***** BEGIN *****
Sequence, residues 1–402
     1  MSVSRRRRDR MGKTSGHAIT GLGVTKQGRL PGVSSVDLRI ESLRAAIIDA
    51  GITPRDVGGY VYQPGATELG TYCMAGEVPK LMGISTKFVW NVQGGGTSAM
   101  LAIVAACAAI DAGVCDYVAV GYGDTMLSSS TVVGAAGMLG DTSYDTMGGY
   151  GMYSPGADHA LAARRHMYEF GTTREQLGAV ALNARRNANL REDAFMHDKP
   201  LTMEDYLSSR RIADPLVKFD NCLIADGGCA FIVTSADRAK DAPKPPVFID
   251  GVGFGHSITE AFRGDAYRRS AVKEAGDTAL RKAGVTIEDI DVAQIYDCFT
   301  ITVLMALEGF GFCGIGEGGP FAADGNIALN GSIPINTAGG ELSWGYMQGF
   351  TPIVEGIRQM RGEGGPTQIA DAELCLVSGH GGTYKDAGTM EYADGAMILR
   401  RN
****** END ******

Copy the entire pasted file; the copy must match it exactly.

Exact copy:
Sequence, residues 1–402
     1  MSVSRRRRDR MGKTSGHAIT GLGVTKQGRL PGVSSVDLRI ESLRAAIIDA
    51  GITPRDVGGY VYQPGATELG TYCMAGEVPK LMGISTKFVW NVQGGGTSAM
   101  LAIVAACAAI DAGVCDYVAV GYGDTMLSSS TVVGAAGMLG DTSYDTMGGY
   151  GMYSPGADHA LAARRHMYEF GTTREQLGAV ALNARRNANL REDAFMHDKP
   201  LTMEDYLSSR RIADPLVKFD NCLIADGGCA FIVTSADRAK DAPKPPVFID
   251  GVGFGHSITE AFRGDAYRRS AVKEAGDTAL RKAGVTIEDI DVAQIYDCFT
   301  ITVLMALEGF GFCGIGEGGP FAADGNIALN GSIPINTAGG ELSWGYMQGF
   351  TPIVEGIRQM RGEGGPTQIA DAELCLVSGH GGTYKDAGTM EYADGAMILR
   401  RN